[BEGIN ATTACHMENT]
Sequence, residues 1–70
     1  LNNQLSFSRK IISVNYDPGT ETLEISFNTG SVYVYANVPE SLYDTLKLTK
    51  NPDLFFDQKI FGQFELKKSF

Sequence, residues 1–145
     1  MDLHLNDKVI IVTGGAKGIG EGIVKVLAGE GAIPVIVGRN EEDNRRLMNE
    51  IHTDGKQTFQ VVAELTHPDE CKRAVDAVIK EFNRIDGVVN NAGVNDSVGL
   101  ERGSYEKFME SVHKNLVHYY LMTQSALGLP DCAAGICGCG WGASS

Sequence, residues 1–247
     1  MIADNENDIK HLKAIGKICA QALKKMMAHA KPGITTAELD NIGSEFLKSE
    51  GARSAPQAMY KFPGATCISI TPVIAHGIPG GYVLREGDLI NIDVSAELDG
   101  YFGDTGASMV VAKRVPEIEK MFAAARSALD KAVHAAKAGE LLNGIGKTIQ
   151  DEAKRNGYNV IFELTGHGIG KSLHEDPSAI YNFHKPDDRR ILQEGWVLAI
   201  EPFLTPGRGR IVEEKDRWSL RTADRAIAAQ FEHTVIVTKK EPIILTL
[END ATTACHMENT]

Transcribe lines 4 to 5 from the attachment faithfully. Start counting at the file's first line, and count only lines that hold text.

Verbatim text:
Sequence, residues 1–145
     1  MDLHLNDKVI IVTGGAKGIG EGIVKVLAGE GAIPVIVGRN EEDNRRLMNE